Thursday, Oct. 5, government and gender, sexuality and women’s studies professor Claire McKinney, government professor Christine Nemacheck, and gender, sexuality and women’s studies and English professor Jenny Putzi gathered in Tyler Hall to discuss Brett Kavanaugh’s confirmation hearings.
Judge Brett Kavanaugh, nominated to the Supreme Court by U.S. President Donald Trump, stands accused of sexual assault by several women. Most notable among them is Christine Blasey Ford, who testified before the Senate Judiciary Committee Sept. 27. In her testimony, Ford alleged that Kavanaugh and his classmate attempted to assault her during a high school pool party in the summer of 1982.
The idea to host a discussion began with McKinney and Putzi, who realized through their own conversations that students needed a space where they could think through the Kavanaugh hearings. Nemacheck offered to join after hearing of her colleagues’ plans for the discussion.
Each professor brought her own perspective to the issue. McKinney conducts research involving the #MeToo movement and issues of mass mobilization, direct action and sex and sexual coercion, especially where it concerns women. Nemacheck studies judicial politics and federal court nominations. Putzi’s academic expertise does not directly translate to the confirmation hearings, as she studies 19th-century poetry written by women, but her personal life experiences are relevant. She was sexually assaulted in high school, and like many survivors has been forced to confront her emotions regarding her own assault as a result of the hearings.
The discussion covered a wide range of topics and was led largely by inputs from students. Among them was the lingering question of whether or not Kavanaugh would be confirmed. As all three professors predicted, Kavanaugh was confirmed by a narrow margin the afternoon of Oct. 6.
“When we are talking about sexual assault, the demands for evidence are set such that they can never be met,” McKinney said.
Several of McKinney’s responses to the student questions dealt with Kavanaugh’s confirmation process as part of a larger trend of political polarization throughout the country.
“When we are talking about sexual assault, the demands for evidence are set such that they can never be met,” McKinney said. “The framing of this has been either we should treat this like a job interview or like a criminal proceeding. Depending on what sources you read, you’re going to see one of those two frames. These frames are actually partisan. If you read the National Review, they’ll say, ‘It’s innocent until proven guilty.’ If you read something like The Atlantic, it’s, ‘This is a job interview’ — and that’s not a mistake.”
Nemacheck explained Kavanaugh’s rise to power as part of a larger effort by the Trump administration to control the courts in a way that no administration had done before.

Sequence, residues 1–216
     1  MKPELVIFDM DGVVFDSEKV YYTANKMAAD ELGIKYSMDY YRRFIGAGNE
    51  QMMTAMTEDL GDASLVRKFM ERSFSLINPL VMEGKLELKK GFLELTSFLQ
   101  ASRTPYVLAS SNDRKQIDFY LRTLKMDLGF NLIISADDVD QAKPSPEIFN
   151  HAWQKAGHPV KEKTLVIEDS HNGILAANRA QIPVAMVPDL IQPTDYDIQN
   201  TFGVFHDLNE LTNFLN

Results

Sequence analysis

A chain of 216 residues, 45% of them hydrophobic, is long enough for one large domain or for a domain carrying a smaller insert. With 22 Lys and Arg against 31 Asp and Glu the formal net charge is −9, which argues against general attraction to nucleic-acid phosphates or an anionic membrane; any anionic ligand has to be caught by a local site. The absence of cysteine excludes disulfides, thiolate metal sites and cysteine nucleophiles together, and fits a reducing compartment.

“There was a deal made during the election that Trump’s coalition in particular — evangelicals and those who care a lot about socially conservative issues, and thus the courts — that Trump would keep them on board as long as he did right by them with the courts,” Nemacheck said. “There was cooperation among two interest groups, [The Federalist Society and The Heritage Foundation], prior to Trump ever being elected to develop a shortlist of 26 candidates from which he promised to choose candidates for the Supreme Court. That has never happened before.”
Putzi noted the performance of gender taking place within the hearings and the media.
“Ford is commended for her performance of femininity, right?” Putzi said. “Her sadness, her quavering voice, her desire to help. He comes up, performs this aggressive white masculinity, and is rewarded with a Supreme Court seat.”
Though they spoke on different aspects of the confirmation hearings, all three professors mainly focused on what their understanding of the confirmation hearings means for the future. McKinney focused on understanding the hearings’ influence on the future of #MeToo. Nemacheck wondered how Kavanaugh’s presence on the Court would affect its legitimacy. Putzi questioned what message it would send to sexual assault survivors, allowing someone accused of sexual assault to sit on the highest court in the land.
Students shared similar views. Isabel Cooper ’21, who found out about the discussion through the pre-law listserv, was interested in the impact of the hearings on the Court.
“I’m really interested in judicial institutions and the lasting impact that stuff like this has on the Court,” Cooper said. “I’ve been reading news articles and listening to podcasts and all that stuff, and you know those are good sources and you can get good information, but I thought it was interesting to talk about this with professors who are more intellectually informed about what’s going on.”
While much of the discussion focused on the impact of the hearings, there seemed to be a consensus that as contemporary as the #MeToo movement appears, much of Kavanaugh’s hearings were influenced by the past. The conversation drew on the confirmation of Justice Clarence Thomas and Anita Hill’s accusations of sexual harassment 27 years ago. McKinney called the Kavanaugh hearings “a return to a previous era.”
“The analogies of Anita Hill are salient in a lot of ways, not just because we’re talking about accusations of sexual coercion of a Supreme Court nominee that are late breaking and required new hearings, … but also because this feels like a return to the idea that we can’t fully trust women whenever they talk about their experiences,” McKinney said.